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The storm hitting from Sunday into Tuesday will bring heavy rain to San Francisco and Sacramento as well. Both of these cities will pick up between 2 and 4 inches of rain with the potential for even greater amounts. Urban flooding is almost a certainty.

On top of the excessive rainfall, strong winds associated with the second bomb cyclone, which could be stronger than the first, will blast the coast of Northern and Central California and southern Oregon from Sunday into Monday. In this zone, wind gusts will average 40-60 mph with AccuWeather Local StormMax™ gusts to 80 mph. At this force, some tree and property damage can occur, and sporadic to regional power outages are likely.

The train of storms is likely to wallop Northern California and southern Oregon with 8-16 inches of rain through Tuesday. An AccuWeather Local StormMax™ of 20 inches is predicted in those areas.

A key player in how far south the moisture reaches -- and when -- will be the positioning of the jet stream. "With each storm through Tuesday," Rayno said, "the jet stream will shift progressively farther south, and that means the moisture with each storm will follow suit." Rainfall is forecast to reach Southern California by early next week.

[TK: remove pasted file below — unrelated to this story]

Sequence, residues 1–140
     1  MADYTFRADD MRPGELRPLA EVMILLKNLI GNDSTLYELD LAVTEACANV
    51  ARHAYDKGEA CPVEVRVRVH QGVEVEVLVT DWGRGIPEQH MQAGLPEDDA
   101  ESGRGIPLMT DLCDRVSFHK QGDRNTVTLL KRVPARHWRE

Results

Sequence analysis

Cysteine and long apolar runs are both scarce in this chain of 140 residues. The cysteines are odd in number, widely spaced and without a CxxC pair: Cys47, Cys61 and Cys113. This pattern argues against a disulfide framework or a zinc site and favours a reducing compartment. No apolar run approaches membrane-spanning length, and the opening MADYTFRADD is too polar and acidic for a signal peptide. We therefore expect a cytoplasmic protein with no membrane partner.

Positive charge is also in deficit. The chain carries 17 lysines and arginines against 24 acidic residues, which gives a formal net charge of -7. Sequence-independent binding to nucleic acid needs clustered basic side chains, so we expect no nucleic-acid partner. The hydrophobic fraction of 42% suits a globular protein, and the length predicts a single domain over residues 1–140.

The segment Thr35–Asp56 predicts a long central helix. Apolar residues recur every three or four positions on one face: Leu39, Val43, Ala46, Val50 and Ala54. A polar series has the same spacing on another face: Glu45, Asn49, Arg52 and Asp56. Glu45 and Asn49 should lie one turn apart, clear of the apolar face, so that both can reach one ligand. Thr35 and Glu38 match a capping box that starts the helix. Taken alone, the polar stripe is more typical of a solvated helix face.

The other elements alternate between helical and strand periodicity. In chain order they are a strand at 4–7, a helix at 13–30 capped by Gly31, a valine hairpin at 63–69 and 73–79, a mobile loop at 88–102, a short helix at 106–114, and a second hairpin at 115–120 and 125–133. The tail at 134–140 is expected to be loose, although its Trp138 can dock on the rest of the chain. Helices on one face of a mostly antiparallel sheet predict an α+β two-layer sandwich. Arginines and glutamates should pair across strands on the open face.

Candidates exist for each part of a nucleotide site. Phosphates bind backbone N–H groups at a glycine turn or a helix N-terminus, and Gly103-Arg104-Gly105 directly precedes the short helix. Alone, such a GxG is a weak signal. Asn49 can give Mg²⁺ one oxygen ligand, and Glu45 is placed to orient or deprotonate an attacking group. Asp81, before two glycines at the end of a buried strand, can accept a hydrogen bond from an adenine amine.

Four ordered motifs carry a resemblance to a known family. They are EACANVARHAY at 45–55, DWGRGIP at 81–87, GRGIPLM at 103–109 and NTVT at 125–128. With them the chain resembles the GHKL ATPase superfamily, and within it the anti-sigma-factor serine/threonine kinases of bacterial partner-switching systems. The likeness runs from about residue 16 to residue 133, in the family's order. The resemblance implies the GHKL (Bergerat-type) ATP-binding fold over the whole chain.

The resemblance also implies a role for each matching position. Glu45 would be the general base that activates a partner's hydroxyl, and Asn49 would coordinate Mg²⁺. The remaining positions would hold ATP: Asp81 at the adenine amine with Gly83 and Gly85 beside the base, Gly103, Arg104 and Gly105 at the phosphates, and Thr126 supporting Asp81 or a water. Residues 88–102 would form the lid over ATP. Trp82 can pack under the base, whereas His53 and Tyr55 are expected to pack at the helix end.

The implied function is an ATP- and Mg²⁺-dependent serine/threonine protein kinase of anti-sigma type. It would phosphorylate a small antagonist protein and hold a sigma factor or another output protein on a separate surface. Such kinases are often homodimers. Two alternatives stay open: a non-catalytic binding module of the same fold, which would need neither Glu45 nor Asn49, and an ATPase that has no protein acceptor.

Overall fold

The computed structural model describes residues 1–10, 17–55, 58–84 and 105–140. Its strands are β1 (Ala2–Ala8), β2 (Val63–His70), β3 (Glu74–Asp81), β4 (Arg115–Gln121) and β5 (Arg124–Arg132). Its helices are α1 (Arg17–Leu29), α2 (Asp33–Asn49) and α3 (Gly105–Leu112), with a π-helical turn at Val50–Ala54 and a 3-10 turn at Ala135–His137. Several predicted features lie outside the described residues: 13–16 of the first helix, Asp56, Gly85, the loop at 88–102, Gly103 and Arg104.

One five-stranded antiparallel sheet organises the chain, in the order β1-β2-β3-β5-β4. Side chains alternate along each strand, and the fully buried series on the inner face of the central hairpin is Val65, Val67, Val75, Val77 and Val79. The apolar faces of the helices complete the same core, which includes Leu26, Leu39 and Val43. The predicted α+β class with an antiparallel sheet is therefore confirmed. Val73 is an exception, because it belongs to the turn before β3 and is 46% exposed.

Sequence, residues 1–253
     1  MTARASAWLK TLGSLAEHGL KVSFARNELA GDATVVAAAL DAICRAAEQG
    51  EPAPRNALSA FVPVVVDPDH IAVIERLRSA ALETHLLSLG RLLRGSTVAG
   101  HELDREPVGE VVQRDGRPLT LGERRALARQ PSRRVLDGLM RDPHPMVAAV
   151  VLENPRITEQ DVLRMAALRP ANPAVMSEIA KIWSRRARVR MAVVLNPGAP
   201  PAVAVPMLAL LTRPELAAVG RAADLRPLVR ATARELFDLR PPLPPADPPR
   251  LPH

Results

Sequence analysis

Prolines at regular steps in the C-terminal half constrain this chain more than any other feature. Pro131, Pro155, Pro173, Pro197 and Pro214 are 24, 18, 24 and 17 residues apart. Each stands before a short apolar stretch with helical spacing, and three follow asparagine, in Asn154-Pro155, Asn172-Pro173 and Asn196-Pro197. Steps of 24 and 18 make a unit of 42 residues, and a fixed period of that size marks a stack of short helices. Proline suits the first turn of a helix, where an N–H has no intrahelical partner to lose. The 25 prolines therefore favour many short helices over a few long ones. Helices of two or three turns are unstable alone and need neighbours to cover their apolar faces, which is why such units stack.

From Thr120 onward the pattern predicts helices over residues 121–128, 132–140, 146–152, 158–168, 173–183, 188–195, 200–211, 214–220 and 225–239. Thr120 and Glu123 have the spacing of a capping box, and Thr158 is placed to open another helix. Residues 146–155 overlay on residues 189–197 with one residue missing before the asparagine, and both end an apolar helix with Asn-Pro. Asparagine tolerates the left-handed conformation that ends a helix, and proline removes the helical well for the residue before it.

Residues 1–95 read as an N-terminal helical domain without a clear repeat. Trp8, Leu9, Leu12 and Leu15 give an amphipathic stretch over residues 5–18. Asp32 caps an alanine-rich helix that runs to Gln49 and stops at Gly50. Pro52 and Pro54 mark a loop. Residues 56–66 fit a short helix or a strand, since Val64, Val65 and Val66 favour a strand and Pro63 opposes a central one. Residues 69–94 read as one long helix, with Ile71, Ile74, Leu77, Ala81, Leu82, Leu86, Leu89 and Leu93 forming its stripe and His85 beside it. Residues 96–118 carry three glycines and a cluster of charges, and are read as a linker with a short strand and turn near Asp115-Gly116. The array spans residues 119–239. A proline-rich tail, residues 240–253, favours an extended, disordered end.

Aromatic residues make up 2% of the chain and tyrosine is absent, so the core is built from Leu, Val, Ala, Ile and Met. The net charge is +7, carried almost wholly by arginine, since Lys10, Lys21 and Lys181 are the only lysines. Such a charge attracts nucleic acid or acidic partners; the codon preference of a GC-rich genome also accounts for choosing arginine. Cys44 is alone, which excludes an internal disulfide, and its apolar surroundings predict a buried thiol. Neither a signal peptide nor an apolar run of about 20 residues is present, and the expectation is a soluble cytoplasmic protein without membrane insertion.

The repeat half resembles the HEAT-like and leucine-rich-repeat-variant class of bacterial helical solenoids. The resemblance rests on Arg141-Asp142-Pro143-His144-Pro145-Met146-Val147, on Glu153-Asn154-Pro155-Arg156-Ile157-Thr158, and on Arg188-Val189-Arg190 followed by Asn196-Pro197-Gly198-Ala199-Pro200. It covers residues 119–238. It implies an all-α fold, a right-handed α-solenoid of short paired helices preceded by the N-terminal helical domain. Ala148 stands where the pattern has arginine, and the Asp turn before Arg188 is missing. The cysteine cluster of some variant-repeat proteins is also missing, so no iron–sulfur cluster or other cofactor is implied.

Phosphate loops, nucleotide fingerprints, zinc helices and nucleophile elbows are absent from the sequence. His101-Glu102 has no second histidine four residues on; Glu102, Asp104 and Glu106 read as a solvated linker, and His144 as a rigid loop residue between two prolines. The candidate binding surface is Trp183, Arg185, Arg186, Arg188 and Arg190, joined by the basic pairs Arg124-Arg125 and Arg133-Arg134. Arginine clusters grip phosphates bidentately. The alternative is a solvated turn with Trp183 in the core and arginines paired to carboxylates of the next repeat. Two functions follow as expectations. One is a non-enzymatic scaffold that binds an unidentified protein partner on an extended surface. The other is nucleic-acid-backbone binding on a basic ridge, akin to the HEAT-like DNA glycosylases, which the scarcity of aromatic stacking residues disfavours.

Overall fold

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A general 0.50 of an inch to 1 inch of rain is forecast to fall as far south as Los Angeles and San Diego from Monday into early Tuesday. Locally higher amounts of 1-3 inches are expected over the mountains to the north and east of Los Angeles and east of San Diego. Downtown Los Angeles has only received 0.40 of an inch of rain since the start of the new rain season on July 1. The average rainfall for all of October is only 0.33 of an inch for Los Angeles and 0.29 of an inch for San Diego. Locally soaking showers may even reach the deserts of Southern California and southern Nevada.